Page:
NMC/Radio and Records eChart main column
as published in the 5/24/02 issue of R&R
It could have been the courts. It could have been the RIAA. It could have been a general yawning by users expecting the Napster of old. In the end, the near death of Napster came down to good old fashioned human greed.
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Although now off the respirator due to Bertelsmann's paltry $8 million dollar buyout, Napster nearly exited from the land of the corporate living last week after their CEO, Konrad Hilbers, had had enough. Sean Fanning's uncle, John, the original funder of the company, was at odds with two of the venture capitalists that took 15 million of the dot.com boom's most infamous dollars and, in turn, Napster to the next lofty level. And that $8 million dollar buyout figure? Half of what they offered just a few days earlier.
Hilbers, installed by Bertelsmann to shepherd their investment, found himself at the helm of a ship that was now $100 million in the hole, with an evaporated audience to show for it: dark, silent and litigating for over a year, any of the estimated 50 to 80 million people that was the Napster fan base were long gone, now hanging out on the second generation of music piracy sites like Morpheus, MusicCity, Limewire, Bearshare, Audiogalaxy, and the latest darling of that universe, KaZaA.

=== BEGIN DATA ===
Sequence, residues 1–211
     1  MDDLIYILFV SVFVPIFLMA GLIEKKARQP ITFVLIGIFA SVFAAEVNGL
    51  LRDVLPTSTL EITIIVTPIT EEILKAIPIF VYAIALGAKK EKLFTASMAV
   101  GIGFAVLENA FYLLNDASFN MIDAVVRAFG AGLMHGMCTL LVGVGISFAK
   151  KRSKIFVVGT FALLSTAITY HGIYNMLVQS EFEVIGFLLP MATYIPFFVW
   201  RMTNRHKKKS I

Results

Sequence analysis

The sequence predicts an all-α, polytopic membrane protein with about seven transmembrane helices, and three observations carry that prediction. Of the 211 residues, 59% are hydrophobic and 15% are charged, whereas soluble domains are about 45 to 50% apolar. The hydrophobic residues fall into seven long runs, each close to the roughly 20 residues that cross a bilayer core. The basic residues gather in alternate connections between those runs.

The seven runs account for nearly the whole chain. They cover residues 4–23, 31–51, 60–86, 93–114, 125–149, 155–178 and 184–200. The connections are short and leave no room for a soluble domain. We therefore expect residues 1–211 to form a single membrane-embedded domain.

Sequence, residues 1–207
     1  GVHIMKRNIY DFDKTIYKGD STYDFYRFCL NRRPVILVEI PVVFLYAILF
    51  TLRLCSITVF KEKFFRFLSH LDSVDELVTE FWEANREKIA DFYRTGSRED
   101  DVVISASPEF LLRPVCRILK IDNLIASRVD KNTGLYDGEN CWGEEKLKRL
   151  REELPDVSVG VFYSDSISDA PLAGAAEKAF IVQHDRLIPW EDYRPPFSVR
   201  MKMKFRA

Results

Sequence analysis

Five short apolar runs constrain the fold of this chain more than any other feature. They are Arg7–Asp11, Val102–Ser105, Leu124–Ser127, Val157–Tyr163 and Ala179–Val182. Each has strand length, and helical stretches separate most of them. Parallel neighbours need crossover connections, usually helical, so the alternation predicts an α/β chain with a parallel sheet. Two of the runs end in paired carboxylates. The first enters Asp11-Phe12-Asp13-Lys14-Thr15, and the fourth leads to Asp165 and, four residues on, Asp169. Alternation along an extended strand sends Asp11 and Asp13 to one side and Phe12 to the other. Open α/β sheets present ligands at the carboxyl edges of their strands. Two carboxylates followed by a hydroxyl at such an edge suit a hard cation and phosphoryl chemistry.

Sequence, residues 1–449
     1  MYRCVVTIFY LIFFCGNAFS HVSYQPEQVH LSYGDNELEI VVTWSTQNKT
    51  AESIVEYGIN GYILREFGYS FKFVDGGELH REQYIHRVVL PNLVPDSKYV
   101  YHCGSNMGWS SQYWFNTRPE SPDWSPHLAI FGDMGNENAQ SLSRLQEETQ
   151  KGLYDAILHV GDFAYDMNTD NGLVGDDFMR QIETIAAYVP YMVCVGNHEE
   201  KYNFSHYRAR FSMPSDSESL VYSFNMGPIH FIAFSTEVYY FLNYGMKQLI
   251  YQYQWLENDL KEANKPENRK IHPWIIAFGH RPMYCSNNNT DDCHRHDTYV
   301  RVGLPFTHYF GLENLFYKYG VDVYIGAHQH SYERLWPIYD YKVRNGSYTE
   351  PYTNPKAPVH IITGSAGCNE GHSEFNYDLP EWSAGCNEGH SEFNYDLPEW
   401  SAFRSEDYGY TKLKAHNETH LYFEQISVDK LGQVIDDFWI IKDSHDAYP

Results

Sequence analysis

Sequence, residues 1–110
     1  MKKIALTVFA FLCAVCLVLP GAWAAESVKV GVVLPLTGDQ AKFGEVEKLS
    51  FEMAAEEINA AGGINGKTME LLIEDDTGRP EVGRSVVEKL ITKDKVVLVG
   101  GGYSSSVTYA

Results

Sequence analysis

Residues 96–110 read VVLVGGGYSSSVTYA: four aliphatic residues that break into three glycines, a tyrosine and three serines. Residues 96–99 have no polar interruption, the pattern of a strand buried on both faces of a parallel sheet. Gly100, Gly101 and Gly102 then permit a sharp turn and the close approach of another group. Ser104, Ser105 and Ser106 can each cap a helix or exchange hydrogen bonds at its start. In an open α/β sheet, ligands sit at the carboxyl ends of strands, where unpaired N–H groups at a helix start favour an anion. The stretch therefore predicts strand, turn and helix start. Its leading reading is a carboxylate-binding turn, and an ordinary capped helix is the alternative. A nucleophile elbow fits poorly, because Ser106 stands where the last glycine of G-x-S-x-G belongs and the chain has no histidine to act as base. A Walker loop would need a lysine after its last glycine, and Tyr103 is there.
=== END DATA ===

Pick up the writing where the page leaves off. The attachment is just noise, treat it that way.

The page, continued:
With no audience left and several deepening holes from which the company was trying to dig their way out, with no prospect of ending the vicious litigation that had held them hostage in the courtroom of Judge Marilyn Hall Patel, and with their plan to go legit in peril as they chose to defend their existence and charge the RIAA and its member labels with fraud and to question whether the copyrights they claimed were really theirs, Napster was a company in serious trouble. Internally, it was becoming a nightmare whose funds were drying up. Employees were handed a choice last week: work for free from now on, in the hopes that Bertelsmann and the board could come to an agreement, or take your last week's salary and get out. One worker resigned in disgust rather than work for a company that the employee said was taking advantage of a dedicated worker base.
In the end, Bertelsmann picked up for pocket change what once was worth billions of dollars on paper. Now that Hilbers and Sean Fanning are back, the employees may return, but the Napster of old will not. No matter how you slice it, Napster is a brand, a brand that to its millions of fans meant "free," not "reasonably charged for." That meaning persists today, and whatever incarnation of Napster comes next, it will be a severe disappointment to its users, and they are not shy about being vocal: Sean Fanning is being treated to a heavy dose of the venom Metallica got when they sued his company.
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